Protagonist in Upright Drum In Water is the age-old Montezuma cypress or ahuehuete* (Taxodium mucronatum) ‘El Sargento’ in Chapultepec Park in Mexico City, which is believed to be planted around the year 1460, in pre-colonial times. To many native people of Mexico this species is sacred, and associated with authority. In 1910 it became the country’s national tree. But due to heavy drought and pollution it is considered dead since 1969. However, as a symbol this tree lives on, deeply rooted in the centuries of history and memory it represents. But what do we remember? And how is this memory manipulated? What is dead or alive? Upright Drum In Water is built up from a collection of footage which was recorded repeatedly at the same moment of day during an artist-in-residence period of 6 weeks. Each time the tree was captured from the same angle, but with different types of cameras and lenses, intertwining the own personal memory with the memory and identity of a nation.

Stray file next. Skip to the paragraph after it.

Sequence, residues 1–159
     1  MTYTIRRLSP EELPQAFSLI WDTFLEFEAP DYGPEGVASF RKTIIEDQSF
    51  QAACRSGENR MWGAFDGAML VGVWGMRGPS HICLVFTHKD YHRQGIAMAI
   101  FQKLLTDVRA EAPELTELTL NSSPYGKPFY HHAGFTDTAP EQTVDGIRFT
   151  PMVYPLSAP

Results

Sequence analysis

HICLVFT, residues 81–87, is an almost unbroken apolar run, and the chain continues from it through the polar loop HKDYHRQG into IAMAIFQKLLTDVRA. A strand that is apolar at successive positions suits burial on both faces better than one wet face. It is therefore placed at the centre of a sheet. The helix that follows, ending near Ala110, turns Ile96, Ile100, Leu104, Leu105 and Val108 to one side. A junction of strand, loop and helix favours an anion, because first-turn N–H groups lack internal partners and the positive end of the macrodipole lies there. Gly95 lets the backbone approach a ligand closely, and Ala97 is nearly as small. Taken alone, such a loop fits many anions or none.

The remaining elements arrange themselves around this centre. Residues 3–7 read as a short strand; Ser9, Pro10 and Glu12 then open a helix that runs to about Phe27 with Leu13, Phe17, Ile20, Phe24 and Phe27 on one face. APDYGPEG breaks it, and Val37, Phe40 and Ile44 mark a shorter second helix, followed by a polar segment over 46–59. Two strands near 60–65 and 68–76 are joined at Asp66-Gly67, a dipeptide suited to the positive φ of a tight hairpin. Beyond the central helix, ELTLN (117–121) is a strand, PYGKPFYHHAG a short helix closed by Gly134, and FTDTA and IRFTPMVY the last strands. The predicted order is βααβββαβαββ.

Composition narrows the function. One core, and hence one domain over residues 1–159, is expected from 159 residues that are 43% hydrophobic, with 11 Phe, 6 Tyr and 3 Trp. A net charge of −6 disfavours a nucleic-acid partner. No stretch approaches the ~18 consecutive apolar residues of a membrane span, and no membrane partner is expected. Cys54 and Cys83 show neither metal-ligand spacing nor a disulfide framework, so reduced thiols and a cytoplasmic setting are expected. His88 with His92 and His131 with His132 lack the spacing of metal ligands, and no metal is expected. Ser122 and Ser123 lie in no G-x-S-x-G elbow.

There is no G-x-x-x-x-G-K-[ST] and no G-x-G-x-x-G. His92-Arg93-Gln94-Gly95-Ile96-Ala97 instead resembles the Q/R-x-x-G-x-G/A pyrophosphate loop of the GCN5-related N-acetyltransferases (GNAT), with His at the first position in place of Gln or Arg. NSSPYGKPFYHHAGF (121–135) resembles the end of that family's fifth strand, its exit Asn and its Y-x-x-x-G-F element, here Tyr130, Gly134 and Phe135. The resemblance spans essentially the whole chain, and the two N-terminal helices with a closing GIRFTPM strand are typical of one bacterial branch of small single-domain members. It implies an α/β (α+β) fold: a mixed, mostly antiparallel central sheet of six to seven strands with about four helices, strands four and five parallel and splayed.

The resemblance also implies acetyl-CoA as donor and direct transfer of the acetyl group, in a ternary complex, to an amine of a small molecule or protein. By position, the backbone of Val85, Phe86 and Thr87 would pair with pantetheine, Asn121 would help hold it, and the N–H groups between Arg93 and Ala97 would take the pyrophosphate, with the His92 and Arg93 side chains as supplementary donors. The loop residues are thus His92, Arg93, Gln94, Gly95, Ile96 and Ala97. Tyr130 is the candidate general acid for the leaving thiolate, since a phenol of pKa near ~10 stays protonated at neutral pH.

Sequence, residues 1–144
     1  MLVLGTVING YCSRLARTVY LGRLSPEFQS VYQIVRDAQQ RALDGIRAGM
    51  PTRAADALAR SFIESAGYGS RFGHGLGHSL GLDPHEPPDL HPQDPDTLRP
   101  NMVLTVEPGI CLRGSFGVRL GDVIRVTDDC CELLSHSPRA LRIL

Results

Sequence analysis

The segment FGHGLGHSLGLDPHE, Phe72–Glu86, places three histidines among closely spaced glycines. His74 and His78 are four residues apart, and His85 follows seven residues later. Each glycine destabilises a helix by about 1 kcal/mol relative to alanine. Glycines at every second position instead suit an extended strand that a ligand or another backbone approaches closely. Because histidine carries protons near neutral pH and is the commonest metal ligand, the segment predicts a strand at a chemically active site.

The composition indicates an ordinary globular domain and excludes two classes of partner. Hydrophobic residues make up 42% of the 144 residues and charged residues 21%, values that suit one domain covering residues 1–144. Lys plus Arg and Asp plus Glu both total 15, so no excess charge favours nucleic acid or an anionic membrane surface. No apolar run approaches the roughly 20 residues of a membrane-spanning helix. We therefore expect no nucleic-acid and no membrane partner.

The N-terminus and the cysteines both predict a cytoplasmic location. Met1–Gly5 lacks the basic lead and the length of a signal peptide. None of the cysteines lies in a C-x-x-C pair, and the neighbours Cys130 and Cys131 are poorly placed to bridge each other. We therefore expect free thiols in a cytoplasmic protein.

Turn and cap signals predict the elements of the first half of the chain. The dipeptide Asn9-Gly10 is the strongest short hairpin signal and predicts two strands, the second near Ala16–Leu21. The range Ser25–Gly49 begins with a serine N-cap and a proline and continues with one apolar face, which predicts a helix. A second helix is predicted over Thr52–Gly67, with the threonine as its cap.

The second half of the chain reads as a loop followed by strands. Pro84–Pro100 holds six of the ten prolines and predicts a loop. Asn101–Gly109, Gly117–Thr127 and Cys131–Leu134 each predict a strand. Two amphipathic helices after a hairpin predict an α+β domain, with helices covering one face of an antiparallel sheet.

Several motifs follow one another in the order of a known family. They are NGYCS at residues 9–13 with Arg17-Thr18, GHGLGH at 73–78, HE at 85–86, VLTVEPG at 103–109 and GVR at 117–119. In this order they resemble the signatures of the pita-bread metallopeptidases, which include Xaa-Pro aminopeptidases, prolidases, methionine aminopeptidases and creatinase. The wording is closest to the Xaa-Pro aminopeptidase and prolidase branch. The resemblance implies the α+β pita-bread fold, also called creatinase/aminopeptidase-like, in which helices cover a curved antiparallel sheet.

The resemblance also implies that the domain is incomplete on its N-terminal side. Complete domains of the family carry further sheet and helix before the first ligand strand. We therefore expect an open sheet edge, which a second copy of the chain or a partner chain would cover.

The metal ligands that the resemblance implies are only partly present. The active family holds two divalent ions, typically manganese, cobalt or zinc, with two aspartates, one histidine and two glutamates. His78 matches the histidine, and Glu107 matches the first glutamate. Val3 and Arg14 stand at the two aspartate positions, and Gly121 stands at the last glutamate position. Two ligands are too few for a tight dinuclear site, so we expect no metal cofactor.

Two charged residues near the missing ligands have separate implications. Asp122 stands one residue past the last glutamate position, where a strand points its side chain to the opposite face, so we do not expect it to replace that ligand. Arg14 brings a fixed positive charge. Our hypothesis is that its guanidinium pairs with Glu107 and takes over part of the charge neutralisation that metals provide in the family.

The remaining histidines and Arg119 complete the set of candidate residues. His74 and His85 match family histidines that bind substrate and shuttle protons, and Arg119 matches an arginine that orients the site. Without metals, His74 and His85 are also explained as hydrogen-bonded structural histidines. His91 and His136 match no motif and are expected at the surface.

(*) Nahuatl; metaphorically extended meaning: “upright drum in water”.